In most cases your restaurant bill will include an additional charge that may take you by surprise: the ‘coperto’. Typically ranging from €2-3 per person*, this is a flat cover charge in addition to the cost of food and drink.
It is not optional. It is not a tip, and it is not a charge applied only on tourists. The addition of the coperto is standard practice in restaurants all across Italy. It is a fee that is added per person for the table service and the use of tableware, bread (even if no bread is served), and other items.
Legally, the coperto should be printed on the menu. You might have to look carefully to find it. It might be a small footnote or it might only be listed on the outside menu.
Travellers on a budget will need factor in the coperto in addition to the menu prices, and should ask about the cost if they cannot find it on the menu they are given.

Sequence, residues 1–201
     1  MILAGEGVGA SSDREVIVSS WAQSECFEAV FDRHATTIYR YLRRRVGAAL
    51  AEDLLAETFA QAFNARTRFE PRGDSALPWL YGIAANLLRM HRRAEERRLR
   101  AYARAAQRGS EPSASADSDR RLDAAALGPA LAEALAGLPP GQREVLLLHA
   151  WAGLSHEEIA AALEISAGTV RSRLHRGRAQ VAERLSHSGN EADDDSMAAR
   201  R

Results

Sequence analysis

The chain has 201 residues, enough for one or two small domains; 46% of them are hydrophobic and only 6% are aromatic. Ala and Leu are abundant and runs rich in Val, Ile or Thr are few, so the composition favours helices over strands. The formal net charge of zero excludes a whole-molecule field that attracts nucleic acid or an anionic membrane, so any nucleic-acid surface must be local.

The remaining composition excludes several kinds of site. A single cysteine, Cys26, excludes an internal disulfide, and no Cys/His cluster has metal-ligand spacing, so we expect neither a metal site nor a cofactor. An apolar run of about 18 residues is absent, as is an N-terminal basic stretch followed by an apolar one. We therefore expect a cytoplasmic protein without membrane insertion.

*The most expensive that we have encountered to date is €5 per person at Osteria Madre on Ostuni’s Piazza della Libertà. That will add €20 to your bill for a table of 4, €30 to your bill for at table of 6 etc..
Al bar, drinks on the terrace
In most cases if you just sit on the terrace at a Caffè Bar for a Spritz, glass of wine, beer or coffee you will not be charged a coperto. But this is not always the case. We were charged a coperto when we had cocktails on the terrace of a bar in Milan’s upmarket Galleria Vittorio Emanuele II.
Should I tip?
The coperto is not a tip.
In Italy, waiters don’t depend on tips for their income. They are paid a decent living wage by the restaurant.
This will feel a little strange for visitors from America. Do not feel obliged to automatically include a 20% tip (or by way of cultural compromise half of that). The custom here is to leave a little change, to round up the bill to the nearest euro.
Italians won’t be tipping here, other than rounding up in this way, and your waiter will certainly not be expecting it. In fact, if you leave anything other than small change they might come running after you to give you back the change you have left by ‘mistake’!